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Wow this is getting some discussion.

Yes for a multiple day trip you want bike shorts.

Nothing under as you don't what anything that will bunch up or have seams.

As for over if you don't want the tight shorts there are mountain and commuter shorts with a baggy shell (with pockets). That is probably what you want.

Ideally you would a have clean pair for each day. What can happen is the bacteria will build up and then if you chafe things go bad. At a minimum turn em inside out and let them dry.

At the end of the day get out of the bike shorts as soon as possible and lets things air out. If you can take a shower as soon as possible (and I like baby powder after the shower). Other wise use like a baby wipe.

Take a few 40+ miles rides just to get your butt used to it.

Also form, saddle, and bike fit are factors. A big cushy saddle is more friction. A smooth cadence not rocking on the seat is good. Come out of the seat every once in a while and let things breath. On a downhill you can rock to the side and let things breath. OK no way to say this pretty but pull your junk up get it out of harms way. Be aware of your butt. I have seen people get fatigued and just pedal and pedal in one position.

Things cannot go that bad in 3 days but on longer rides things can really go bad and you can't recover on the ride. Has not happened to me but I have seen people with miserable multiple days rides due to poor crotch maintenance.

I bike a lot and for me I put on bike shorts over 40 miles and clean them after each ride. You don't want to chafe with a lot of bacteria in you shorts.

I am not a fan of the ointments / butters but I know a lot of people are. If you cannot shower what happens is they hold bacterial.

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Do you need the special shorts? Definitely yes.

Is it really bad to use underwear? I digress.

I have tested several combinations of clothing, several grades of saddle cushioning and quality (low to mid-range) and even gel covers. I came across the "no underwear" advice far too long after I started riding, so I used underwear all the time and never ever had a problem with it. However, I use briefs rather than boxers.

The best combination I've found is a good quality bike short on a medium range saddle. The amount of cushioning I use is very little for when I'm in top shape and my muscles are well tonified. A little bit more cushion for MTB or when I'm out of shape.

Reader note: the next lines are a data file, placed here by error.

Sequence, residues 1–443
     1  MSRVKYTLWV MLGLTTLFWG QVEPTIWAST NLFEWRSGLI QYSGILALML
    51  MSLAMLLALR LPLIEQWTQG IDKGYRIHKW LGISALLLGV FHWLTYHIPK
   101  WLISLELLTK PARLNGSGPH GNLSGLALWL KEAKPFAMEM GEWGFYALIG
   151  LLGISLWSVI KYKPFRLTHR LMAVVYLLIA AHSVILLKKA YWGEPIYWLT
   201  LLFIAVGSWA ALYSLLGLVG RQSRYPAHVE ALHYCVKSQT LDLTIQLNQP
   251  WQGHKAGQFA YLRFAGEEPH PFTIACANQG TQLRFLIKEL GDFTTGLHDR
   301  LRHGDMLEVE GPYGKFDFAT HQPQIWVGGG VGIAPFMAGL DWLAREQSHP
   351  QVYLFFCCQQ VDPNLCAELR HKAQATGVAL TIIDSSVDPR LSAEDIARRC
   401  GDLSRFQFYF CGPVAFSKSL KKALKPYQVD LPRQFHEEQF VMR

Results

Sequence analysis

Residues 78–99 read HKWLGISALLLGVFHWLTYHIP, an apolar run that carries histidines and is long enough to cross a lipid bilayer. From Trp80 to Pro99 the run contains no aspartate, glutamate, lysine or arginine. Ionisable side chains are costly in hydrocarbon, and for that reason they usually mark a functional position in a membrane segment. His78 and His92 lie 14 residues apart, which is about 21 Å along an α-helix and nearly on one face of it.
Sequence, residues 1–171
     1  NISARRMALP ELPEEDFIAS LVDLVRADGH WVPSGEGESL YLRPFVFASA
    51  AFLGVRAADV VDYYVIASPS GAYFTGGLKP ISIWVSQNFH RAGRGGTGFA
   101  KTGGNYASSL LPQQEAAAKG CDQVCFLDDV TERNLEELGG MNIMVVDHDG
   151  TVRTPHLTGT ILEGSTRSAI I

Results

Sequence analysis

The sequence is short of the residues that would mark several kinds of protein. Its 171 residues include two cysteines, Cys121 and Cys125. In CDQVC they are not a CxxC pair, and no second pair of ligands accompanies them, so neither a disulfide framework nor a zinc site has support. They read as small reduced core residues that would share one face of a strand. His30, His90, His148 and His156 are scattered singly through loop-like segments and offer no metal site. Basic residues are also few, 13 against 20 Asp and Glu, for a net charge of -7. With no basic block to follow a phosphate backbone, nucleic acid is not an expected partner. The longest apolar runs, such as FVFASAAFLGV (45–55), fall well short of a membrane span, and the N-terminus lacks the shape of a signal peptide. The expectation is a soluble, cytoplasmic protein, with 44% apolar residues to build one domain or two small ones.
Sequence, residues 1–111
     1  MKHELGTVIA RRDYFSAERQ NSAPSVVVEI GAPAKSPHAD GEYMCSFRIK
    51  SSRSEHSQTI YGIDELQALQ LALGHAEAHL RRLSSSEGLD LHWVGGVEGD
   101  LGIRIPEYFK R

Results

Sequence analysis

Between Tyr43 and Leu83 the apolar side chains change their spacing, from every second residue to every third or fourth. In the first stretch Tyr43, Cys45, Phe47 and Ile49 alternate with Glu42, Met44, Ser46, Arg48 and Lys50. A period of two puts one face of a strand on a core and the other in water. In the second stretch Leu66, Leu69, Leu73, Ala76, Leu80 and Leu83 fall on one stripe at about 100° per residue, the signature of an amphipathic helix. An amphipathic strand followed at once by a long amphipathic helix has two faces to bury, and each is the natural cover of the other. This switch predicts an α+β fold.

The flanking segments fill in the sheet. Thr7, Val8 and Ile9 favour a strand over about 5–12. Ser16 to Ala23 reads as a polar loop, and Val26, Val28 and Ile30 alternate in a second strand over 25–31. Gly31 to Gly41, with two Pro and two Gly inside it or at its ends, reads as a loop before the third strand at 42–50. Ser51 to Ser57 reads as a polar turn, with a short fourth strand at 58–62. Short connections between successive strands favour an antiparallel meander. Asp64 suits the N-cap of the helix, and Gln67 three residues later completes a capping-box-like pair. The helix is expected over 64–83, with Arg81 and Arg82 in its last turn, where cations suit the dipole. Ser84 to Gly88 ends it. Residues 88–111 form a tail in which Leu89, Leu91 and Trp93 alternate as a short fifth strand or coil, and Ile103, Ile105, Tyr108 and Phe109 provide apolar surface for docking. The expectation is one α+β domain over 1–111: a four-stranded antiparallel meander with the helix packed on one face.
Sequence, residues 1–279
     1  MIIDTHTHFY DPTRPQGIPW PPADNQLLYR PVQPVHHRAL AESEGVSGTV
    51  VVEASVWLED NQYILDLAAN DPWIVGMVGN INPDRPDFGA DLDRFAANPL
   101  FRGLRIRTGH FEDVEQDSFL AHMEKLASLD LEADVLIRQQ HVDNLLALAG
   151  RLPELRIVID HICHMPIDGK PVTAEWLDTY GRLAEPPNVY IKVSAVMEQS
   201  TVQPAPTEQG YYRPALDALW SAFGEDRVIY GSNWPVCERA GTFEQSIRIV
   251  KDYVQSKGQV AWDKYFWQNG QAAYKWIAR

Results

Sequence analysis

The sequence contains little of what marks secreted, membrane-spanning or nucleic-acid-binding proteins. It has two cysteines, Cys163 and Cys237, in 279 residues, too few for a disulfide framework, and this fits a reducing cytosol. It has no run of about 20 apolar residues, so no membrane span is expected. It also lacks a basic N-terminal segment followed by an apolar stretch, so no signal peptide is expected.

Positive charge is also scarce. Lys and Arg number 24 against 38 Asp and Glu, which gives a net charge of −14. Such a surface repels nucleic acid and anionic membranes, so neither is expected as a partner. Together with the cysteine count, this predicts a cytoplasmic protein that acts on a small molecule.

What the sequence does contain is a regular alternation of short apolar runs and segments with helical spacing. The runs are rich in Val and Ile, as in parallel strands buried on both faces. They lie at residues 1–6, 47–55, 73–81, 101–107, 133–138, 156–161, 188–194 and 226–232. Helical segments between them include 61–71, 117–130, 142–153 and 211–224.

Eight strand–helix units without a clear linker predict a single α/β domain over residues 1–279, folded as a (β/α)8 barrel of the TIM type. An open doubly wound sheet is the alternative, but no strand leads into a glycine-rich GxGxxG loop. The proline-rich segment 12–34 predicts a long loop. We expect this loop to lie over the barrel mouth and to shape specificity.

(Gel covers are virtually useless, I only mention them because I have used then a fair amount. I'd only recommend them for very short commutes while using regular clothes on a saddle with no cushion or very little cushion. For any serious riding, get rid of the cover)

I'm primarily an MTB rider with some experience in Downhill. I'm no road rider but I have done several road trips on a hybrid, no suspension bike.

My longest continuous time on the saddle was about 8 hours on MTB (dual susp, low cushion saddle). Was using regular bike shorts with underwear and a baggy short on top.

My road trips have been 6 contiguous days, with max 120km (about 75 mi.) per stage. Did them with bike shorts and bike shorts with tights over them. The only day I used a baggy short I had trouble with rain, as when the short was soaked, It caused stiction against my legs, adding too much effort to pedaling.

These stages where about 4 hours of pedaling, but due to the logistics of the trip I usually had to remain on cycling clothes for another 4 hours before I could take a shower, however, never had trouble with all the layers I use.

Regarding other clothing layers: I have used a lot of extra layers for many purposes. On top of bike shorts I often use "baggy" shorts for MTB, for protection, for the looks and for the pockets.

For DH riding, I use a thing (I don't know the name) that has a lot of padding around the hips and other parts where the usual bike short doesn't. It also does not have the regular padding so it's not redundant with the bike short. On top of that I use a DH pant or short.

For cold weather, I have had success using a runner's tights specially for the thermal characteristics of it. Protects from cold, does not overheat when ambient temp rises, kind of balances temperature among different parts of the leg. (I know there are full leg bike tights, but I've been unable to find ones not made of lycra. I have a pair of lycra ones, and they are ok for protection against sunburn, but no use against cold air.)

For commuting I often use the bike short under the regular pants. No trouble at all. I have never used chamois butter, and almost never had chafing problems. The only times I had mild cases, where precisely while using gel covers rides longer than 2 hours, or when I borrowed a bike with a saddle too wide and too padded.

That being said, I'd never attempt a long ride using a bike, or a saddle type or a clothing combination I have never tried before. On the road trips I mention, I had some novice partners having all kind of small trouble, some of them due to clothing and many due to thinking "more padding is better", poor bike fit and relying gel covers or similar things.

In their case, they had never been on their bike for long enough to notice the fit problems.

Have you ever ridden for as long as your planned trip longest stage? On the same bike or similar one? With the same type of saddle/handlebar/grips or bar tape?